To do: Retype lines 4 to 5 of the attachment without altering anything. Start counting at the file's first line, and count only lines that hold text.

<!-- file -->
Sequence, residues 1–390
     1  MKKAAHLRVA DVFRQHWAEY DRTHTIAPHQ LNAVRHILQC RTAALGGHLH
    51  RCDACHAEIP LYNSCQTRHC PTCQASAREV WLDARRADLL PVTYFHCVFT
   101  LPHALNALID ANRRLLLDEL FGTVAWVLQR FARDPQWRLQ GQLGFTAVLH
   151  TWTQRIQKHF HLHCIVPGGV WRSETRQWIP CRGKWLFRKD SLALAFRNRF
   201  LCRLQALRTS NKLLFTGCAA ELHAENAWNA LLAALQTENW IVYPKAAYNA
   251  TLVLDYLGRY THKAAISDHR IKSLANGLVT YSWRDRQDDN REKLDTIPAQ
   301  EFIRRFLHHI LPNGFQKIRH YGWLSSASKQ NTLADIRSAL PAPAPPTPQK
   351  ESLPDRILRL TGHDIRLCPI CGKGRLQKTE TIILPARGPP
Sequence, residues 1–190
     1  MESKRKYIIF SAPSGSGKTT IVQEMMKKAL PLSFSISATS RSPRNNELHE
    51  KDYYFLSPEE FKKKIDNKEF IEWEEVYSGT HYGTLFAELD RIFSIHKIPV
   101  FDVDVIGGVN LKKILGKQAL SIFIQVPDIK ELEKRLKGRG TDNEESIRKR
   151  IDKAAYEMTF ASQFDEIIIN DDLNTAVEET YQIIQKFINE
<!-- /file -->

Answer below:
   101  LPHALNALID ANRRLLLDEL FGTVAWVLQR FARDPQWRLQ GQLGFTAVLH
   151  TWTQRIQKHF HLHCIVPGGV WRSETRQWIP CRGKWLFRKD SLALAFRNRF